|Zhang, Wei -|
|Sangtong, Varaporn -|
|Peterson, Joan -|
|Messing, Joachim -|
Submitted to: Planta
Publication Type: Peer Reviewed Journal
Publication Acceptance Date: February 8, 2013
Publication Date: February 23, 2013
Citation: Zhang, W., Sangtong, V., Peterson, J., Scott, M.P., Messing, J. 2013. Wheat glutenin alters protein body structure in maize but not levels of endogenous storage proteins. Planta. 237:1465-1473. Interpretive Summary: Cereal grains accumulate specific families of proteins that confer nutritional and functional properties to products made from them. The grains of wheat and maize have very different properties leading to different uses. Wheat accumulates a family of proteins called glutenins that are missing from corn, but are similar to a family in corn called beta/gamma zeins. We investigated the functional relationship between these families of proteins by adding a gene that causes wheat glutenin to accumulate to normal corn and corn lacking beta/gamma zeins. Examination of the resulting grains suggested that the maize and wheat proteins are not functionally equivalent, but both contribute to grain structure at the subcellular level. This information about the functional roles of these proteins establishes limits on the types of modifications likely to be tolerated in grain with modified protein content and will help scientists engineer grains with improved nutritional and functional properties.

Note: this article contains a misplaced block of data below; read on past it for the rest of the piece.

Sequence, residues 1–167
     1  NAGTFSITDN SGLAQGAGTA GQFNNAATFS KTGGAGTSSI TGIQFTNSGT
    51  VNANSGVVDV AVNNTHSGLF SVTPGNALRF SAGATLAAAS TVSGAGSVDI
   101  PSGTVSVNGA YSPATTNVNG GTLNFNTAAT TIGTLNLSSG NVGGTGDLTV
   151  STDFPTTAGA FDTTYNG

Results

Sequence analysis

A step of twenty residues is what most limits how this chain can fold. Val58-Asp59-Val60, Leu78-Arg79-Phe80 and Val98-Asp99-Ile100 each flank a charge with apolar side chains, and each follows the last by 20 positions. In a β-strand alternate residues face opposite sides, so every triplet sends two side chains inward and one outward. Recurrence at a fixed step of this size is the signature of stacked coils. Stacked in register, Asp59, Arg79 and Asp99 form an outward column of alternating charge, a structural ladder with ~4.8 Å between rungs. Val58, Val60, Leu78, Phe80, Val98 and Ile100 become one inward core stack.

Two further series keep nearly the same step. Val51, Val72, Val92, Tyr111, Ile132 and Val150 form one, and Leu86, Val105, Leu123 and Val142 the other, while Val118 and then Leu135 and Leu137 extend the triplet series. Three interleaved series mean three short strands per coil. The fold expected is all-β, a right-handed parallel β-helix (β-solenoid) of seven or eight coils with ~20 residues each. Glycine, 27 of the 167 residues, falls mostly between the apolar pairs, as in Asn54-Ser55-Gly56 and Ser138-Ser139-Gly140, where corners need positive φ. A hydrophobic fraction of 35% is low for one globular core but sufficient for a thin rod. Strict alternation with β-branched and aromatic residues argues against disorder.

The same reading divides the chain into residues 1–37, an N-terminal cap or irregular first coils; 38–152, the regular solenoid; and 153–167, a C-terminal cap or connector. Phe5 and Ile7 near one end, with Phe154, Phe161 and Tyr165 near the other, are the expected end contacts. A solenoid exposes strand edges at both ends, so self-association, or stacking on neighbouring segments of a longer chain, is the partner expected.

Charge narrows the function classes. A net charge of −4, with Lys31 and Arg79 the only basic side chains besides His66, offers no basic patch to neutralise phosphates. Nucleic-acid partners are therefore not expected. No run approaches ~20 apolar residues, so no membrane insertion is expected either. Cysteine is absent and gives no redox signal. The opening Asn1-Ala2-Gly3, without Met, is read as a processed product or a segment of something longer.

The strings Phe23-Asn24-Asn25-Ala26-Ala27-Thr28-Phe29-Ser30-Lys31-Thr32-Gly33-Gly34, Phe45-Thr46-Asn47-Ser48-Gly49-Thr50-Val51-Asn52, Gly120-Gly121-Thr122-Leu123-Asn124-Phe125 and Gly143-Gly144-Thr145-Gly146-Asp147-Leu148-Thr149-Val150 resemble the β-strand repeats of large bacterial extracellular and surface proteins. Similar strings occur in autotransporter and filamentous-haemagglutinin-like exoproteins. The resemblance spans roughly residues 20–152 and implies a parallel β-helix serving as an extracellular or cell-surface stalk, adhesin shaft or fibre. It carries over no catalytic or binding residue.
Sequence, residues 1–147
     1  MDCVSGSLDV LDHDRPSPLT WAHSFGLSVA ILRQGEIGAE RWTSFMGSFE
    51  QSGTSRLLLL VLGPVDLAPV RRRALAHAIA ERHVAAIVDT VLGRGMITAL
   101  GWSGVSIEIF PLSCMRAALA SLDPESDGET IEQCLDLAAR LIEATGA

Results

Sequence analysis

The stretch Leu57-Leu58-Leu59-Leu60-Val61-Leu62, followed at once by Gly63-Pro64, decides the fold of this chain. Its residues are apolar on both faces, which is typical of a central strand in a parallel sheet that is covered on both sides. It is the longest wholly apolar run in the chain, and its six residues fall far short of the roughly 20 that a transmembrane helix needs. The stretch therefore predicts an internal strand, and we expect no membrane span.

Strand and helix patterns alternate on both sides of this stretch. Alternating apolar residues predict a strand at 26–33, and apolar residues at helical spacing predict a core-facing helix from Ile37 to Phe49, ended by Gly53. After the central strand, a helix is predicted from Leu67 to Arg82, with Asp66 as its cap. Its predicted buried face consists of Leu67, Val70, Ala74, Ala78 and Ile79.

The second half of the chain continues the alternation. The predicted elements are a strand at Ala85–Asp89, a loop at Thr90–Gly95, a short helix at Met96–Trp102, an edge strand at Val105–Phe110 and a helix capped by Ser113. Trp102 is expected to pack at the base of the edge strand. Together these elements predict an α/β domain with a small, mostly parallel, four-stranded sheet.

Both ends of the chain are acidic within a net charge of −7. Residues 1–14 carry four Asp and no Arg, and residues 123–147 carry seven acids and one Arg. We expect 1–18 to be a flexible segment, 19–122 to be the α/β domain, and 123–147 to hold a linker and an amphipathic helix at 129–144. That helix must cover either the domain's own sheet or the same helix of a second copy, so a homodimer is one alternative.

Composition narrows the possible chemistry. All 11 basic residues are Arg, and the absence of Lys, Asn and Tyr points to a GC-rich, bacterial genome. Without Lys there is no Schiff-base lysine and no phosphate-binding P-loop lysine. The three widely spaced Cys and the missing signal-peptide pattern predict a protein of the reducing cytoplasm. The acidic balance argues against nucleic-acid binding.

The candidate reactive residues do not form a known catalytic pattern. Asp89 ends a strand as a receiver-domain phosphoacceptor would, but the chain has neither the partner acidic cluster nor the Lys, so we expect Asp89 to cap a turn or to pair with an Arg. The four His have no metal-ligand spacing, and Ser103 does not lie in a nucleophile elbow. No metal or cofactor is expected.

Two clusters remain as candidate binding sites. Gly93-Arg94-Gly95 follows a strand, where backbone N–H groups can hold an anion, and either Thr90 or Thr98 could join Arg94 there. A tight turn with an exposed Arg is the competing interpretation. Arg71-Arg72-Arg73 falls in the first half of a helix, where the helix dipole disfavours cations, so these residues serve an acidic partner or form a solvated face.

Technical Abstract: Cereal grains are an important nutritional source of amino acids for humans and livestock worldwide. They belong to three subfamilies of grasses or Poaceae. Wheat, barley, and oats belong to the subfamily Pooideae, rice to the Ehrhartoideae, and maize, millets, sugarcane, and sorghum to the Panicoideae. Seeds, however, are largely void of free amino acids because they are stored during dormancy in specialized proteins, which are also called storage proteins. The major class of storage proteins in cereals is called prolamins because of the preponderance of proline and glutamine and has originated from a subclass, called glutenins. Prolamins are synthesized at the endoplasmic reticulum during seed development and deposited into subcellular structures of the immature endosperm, called protein bodies. Prolamins have diverged during the evolution of the grass family in their structure and their properties. For instance, glutenins are unique to the Pooideae and not present anymore in Panicoideae. Therefore, we used the expression of wheat glutenin-Dx5 in maize to examine its interaction with maize prolamins during endosperm development.